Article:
It’s not a sleigh, and there are no reindeer, but there are Santa’s helpers, so when that big blue and white truck pulled up outside Bonaccord elementary school in Surrey on Wednesday morning it was like Christmas had arrived early for several dozen of the school’s neediest students.
As London Drugs’ Wendy Hartley and driver Kevin Wilson unloaded the company truck, resplendent in their Santa’s Helpers T-shirts and, yes, Wilson in a jaunty Santa hat, they were greeted by Bonaccord’s principal, school counsellor and other staff members, along with a handful of Grade 7 students, who helped unload the loot.
When it was done, there were stacks of boxed Mega Bloks, train sets and other assorted toys piled beside the Christmas tree in the school’s lobby, waiting to be sorted and distributed to the 40 or so children identified by the school as being at the top of Santa’s list this year.
Principal Jacob Sol had nothing but gratitude for the generosity.
“The holidays are a challenge for some of our families and this will be something they can look forward to.”
Wednesday marked the fifth consecutive annual London Drugs toy run led by Hartley — everything is donated by the chain — and this year, the truck visited five schools, dropping off new toys and assorted age-appropriate surprises for students at John Norquay elementary in Vancouver, Bonaccord elementary and Frank Hurt secondary in Surrey.
The special delivery also included boxes of toiletries, diapers, sleepers, breast pumps, baby toys and toiletries for the teen moms attending school at Sir Charles Tupper secondary in Vancouver and the Coquitlam Alternate Basic Education secondary school.
Catalina Joseph is 18 and in Grade 12 at CABE. She gave birth to daughter Harmony six months ago and is one of 10 young moms in the CABE program, which is part of the Coquitlam public school district. While she is in class working hard toward graduation, Harmony is nearby in the on-site daycare.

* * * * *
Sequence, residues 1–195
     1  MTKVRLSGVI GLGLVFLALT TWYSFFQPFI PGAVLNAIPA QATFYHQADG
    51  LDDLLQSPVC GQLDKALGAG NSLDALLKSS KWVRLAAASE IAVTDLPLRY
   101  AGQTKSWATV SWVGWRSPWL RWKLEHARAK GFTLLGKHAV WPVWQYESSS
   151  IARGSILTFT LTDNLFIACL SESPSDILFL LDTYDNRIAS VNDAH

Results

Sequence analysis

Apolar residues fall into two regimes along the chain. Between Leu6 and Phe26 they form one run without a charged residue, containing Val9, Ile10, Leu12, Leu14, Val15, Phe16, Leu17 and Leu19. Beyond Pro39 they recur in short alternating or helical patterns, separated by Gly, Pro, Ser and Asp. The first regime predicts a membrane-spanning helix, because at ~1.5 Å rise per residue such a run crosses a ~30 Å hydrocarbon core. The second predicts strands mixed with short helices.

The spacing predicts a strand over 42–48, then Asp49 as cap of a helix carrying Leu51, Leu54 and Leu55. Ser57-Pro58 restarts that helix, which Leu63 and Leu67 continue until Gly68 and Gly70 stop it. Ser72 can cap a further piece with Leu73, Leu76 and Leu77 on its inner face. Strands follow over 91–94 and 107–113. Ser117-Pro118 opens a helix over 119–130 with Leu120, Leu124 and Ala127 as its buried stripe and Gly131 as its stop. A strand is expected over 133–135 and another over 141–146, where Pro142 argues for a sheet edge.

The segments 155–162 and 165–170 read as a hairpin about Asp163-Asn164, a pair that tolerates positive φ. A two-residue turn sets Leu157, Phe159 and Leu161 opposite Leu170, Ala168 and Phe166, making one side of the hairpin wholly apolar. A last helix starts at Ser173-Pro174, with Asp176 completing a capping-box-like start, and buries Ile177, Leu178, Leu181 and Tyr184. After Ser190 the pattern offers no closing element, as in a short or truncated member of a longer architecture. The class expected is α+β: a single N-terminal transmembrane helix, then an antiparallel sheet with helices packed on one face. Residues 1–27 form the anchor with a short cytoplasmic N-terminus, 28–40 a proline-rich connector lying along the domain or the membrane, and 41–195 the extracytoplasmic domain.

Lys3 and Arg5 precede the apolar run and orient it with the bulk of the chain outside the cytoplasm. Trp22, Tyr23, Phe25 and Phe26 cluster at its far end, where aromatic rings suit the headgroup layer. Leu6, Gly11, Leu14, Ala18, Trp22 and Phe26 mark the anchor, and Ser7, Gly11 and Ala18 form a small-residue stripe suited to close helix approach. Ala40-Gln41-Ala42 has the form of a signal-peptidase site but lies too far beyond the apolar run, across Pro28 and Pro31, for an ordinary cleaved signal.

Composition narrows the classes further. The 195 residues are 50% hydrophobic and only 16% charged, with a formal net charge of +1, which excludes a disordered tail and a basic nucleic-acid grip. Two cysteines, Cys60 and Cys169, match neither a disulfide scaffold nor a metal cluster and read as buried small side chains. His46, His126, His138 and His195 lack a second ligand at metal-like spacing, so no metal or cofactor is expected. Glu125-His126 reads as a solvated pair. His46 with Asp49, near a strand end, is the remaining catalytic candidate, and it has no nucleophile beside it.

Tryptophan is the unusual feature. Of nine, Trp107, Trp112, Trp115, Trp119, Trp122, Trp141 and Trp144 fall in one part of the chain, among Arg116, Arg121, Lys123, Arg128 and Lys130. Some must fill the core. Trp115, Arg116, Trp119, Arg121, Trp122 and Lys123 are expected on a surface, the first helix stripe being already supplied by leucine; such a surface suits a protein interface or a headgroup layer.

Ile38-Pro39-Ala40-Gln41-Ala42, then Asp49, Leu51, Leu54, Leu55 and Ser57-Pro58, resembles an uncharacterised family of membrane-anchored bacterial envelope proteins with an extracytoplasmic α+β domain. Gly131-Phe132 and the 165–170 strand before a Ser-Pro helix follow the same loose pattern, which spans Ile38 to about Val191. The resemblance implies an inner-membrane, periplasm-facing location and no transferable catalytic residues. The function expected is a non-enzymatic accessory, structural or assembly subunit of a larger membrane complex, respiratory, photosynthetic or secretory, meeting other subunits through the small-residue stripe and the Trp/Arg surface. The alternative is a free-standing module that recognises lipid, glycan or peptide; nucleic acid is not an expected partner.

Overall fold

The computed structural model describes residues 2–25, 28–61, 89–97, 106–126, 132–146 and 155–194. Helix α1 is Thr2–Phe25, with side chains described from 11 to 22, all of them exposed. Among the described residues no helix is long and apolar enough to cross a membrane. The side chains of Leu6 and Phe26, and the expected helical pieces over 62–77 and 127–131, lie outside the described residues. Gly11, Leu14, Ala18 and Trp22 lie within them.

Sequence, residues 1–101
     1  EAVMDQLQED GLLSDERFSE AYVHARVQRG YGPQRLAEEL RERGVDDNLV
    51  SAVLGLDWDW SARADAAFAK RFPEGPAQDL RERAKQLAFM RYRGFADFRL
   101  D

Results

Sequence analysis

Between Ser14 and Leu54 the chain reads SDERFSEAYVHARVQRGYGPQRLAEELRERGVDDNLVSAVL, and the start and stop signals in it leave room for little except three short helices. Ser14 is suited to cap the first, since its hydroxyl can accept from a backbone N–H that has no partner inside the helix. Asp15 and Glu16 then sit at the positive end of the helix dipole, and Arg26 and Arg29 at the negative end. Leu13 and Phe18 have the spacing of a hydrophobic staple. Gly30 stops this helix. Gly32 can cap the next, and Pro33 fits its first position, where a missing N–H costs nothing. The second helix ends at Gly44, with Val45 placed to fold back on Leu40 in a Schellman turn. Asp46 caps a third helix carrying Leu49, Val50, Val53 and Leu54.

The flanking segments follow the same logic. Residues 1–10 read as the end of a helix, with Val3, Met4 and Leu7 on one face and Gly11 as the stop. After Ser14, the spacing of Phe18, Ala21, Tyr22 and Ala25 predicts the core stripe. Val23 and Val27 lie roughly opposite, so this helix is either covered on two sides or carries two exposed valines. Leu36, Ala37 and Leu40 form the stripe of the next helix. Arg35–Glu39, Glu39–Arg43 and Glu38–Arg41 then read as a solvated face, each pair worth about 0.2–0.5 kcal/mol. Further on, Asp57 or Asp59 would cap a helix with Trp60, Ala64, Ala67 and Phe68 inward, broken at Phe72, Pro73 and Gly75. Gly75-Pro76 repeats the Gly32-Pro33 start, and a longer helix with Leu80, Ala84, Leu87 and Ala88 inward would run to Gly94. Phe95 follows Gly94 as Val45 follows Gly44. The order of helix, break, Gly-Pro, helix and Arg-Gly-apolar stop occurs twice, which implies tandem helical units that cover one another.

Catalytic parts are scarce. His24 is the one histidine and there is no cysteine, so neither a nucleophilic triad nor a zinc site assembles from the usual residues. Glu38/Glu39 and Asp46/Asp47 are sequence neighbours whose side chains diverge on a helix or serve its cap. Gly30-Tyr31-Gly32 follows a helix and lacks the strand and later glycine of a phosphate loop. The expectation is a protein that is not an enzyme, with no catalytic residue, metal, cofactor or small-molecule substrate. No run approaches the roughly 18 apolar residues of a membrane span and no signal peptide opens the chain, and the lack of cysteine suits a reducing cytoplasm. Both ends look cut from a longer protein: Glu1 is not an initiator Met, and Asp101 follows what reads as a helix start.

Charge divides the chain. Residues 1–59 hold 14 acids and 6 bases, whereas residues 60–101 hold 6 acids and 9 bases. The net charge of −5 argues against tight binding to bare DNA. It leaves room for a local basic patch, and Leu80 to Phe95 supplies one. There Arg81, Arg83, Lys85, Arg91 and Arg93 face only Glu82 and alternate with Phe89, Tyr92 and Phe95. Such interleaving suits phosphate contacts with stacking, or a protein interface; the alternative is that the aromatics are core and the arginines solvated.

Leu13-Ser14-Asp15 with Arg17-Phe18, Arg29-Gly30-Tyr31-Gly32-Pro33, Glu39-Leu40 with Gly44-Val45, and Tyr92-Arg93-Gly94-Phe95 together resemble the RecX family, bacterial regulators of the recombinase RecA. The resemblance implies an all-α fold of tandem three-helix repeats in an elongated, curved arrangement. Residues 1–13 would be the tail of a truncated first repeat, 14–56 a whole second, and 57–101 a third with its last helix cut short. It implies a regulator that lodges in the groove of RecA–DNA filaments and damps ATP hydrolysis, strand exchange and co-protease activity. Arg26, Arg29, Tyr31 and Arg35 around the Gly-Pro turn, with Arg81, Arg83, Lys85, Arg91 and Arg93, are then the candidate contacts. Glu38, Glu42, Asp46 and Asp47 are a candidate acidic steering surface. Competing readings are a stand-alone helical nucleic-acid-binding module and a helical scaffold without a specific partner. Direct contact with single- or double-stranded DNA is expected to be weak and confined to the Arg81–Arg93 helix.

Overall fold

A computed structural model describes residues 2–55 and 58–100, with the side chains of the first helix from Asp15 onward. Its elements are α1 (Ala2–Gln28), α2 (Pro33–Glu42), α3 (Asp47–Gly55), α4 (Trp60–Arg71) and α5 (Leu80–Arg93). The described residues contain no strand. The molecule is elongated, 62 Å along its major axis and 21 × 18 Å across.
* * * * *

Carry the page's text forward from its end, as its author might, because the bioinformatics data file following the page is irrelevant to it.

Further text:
Joseph lives with her foster family, but said she is trying to learn how to be independent as a single mom, including how to stretch a dollar, which at the moment amounts to about $400 a month in child credits.
So when London Drugs showed up with a truck full of generosity for her and her baby, and for her classmates, she found it all rather overwhelming.
“I just feel very grateful. I think it’s amazing. Some of us don’t have a lot of money. With Christmas, I just feel super blessed.”
So does Hartley, who took up the challenge on behalf of London Drugs in 2011 after reading about those schools and others highlighted in The Vancouver Sun’s Adopt-a-School campaign, which raises funds for needy Metro Vancouver schoolchildren.
This toy run, she says, is just something that needs doing and as much as she gives, she also gets.
“We are proud to partner with Adopt-a-School to deliver toys and necessities to children and families in need,” says Hartley.
“We get to see first-hand the hundreds of kids who will receive gifts thanks to the administration at these schools, The Vancouver Sun and London Drugs.”
At Frank Hurt secondary in Surrey, the company’s largesse extended beyond the classroom, with a special donation of household goods (dining set, pillows, toaster, toaster oven, kettle, books, clothing) for two especially needy families in the neighbourhood.
Frank Hurt’s music program also got a brand new keyboard, and boxes of makeup and toiletries were off-loaded for distribution to the school’s teens.
For Santa’s Helpers, it was a day of hugs and thanks, of wide-eyed wonder and brimming gratitude.
Says Hartley: “It’s extremely rewarding to give back to our communities in this way.”
By Shelley Fralic (firstname.lastname@example.org)